Three sick kids. That was my reality a few weeks ago. It was stressful and tiring—physically and emotionally. To make things worse, I wound up sick too.
But I had my bright moments even in the midst of cranky kids and sniffly noses. My painting table has been my own private oasis of peace.
Whenever I have the physical energy, I grab a few precious minutes each day at my makeshift studio.
Those moments have been rejuvenating mentally, emotionally, and spiritually. It is like my battery is recharged and I have a reset button on my emotions, thoughts, and even my faith.
How Art Rejuvenates Us
What is it about painting, writing, playing music, or any other creative activity that is therapeutic and restful?
I think it is a combination of factors.
Initially, when I began painting during the pandemic, it was more to escape the noise and clamour in my overcrowded home.
Painting kept me focused without requiring me to think too much. Even a half-hour with my paints each day was like an oasis of calm and peace. I could retreat to it and shut out all the noise around me.
Beauty is therapeutic because our God wired us to be filled with joy when we behold it.
Those precious half-hours were a balm. They kept me sane. It helped me process and think through my emotions. They were times when I could pray, when I could listen to music, and just relax and unwind. It was my respite from the grind. I was free from worry, free from everything.
Two years later, all that still holds true. I also find myself going a step further. Painting brings me profound joy—in creating and enjoying the beauty of the canvas come to life.
Finding Joy and Healing in Beauty
Beauty is therapeutic because our God wired us to be filled with joy when we behold it. Beauty might lie in the eyes of the beholder but there is a reason the Bible calls us to think about things that are beautiful.
Philippians 4:8 says, “Finally, brothers, whatever is true, whatever is honourable, whatever is just, whatever is pure, whatever is lovely, whatever is commendable, if there is any excellence, if there is anything worthy of praise, think about these things.”
Beauty stirs our souls and reminds us of things not of this world. It gives us a glimpse of heaven and puts things in a different perspective.
Most importantly, it takes us out of ourselves. It compels us to stop being the centre of our universe, and instead, focus on something beautiful.
God created us to create, not consume. A life only filled with consumption leads to lethargy and boredom. Creativity, on the other hand, gets our juices flowing by lifting our spirits.
Ultimately it boils down to the self. Constant consumption is selfish. A life focused only on the self is one filled with anxiety and restlessness. There is never any satisfaction or contentment, only a continuous striving.
Creativity is the exact opposite. It is selfless since the basic premise is that one creates something in order to share it with others (whatever form that may take).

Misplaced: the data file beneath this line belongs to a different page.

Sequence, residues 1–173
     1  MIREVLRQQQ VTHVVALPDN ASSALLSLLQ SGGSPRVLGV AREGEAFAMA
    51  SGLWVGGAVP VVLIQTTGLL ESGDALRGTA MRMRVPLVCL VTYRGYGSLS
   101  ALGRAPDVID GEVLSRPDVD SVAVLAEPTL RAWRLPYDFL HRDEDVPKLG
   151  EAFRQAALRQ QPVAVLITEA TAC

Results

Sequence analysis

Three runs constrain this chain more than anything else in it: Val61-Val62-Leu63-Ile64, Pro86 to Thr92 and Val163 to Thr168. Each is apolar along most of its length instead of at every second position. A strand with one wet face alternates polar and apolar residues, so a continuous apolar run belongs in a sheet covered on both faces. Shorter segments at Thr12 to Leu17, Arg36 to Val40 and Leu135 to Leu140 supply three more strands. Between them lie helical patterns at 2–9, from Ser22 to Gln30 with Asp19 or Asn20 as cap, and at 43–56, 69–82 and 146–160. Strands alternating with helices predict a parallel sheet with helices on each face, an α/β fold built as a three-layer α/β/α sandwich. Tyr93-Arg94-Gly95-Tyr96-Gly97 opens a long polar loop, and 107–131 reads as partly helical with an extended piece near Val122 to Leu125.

When we create something like this, we learn to imitate the selfless love of Christ in some tiny way.
Creativity turns the focus from the self to the creation. It finds joy both in the process of creating as well as the finished product. This is therapeutic and restful.
Of course, as fallen humans, we tend to corrupt even this beautiful experience by expecting perfection each time we create something. Or we are driven by pride and seek constant external validation.
These attitudes are guaranteed to suck the joy out of creating, defeating the purpose. They leave us more anxious and discontented.
Nurturing Our Creative Selves
The more we are in tune with the gospel of Jesus Christ, the more selfless our art becomes. How can we nurture creativity that fosters rest?
Do Not Aim for Perfection, But Progress
Our art, music, writing, and the like. is never going to be therapeutic if we are constantly judging our output and every creative endeavour.
Every time we create, we must give ourselves permission to learn, to make mistakes, and to be courageously vulnerable with our gifts.
Aiming for progress eliminates the pressure to perform. Creating then becomes a liberating channel to give expression to our souls.
But only the gospel can free us from both internal and external pressures to perform.
Enjoy the Process and Play
The process is more important than the finished product. Our culture teaches us to praise the outcome. But with God and everything that he has created, we constantly learn that the process is equally important.
God is working on us, refining us, and he never seems frustrated at our snail’s pace. In fact, he seems to enjoy walking this road with us.
Similarly, creating with no agenda, no deadline, but instead just enjoying the process, is definitely more therapeutic.
More often than not, creativity is sparked through curiosity. Neither complacency nor overconfidence engender creativity as neither offer room for curiosity.
A willingness to learn—to acknowledge one’s lack of knowledge—comes from a place of humility.
Essentially, it comes from a place of not taking oneself too seriously. This is why children are excellent at this. They are curious and hence creative. And we wonder why Jesus said we ought to be like little children.
God created us unique, with different gifts, different interests, and different avenues in which to express them. Employing them is not merely a way to obey God but also a means of communing with him because he is the original Creator.
Ultimately, there is a deep, soul-satisfying work that occurs when we give our creative capacities an outlet.
It is like when a thirsty man, gasping for water, finally drinks long and deep. His parched throat is satisfied and he feels reborn. It is the same with any creative endeavour.
This year, I encourage you to be creative. You will be forever spoilt for the ordinary, I promise you.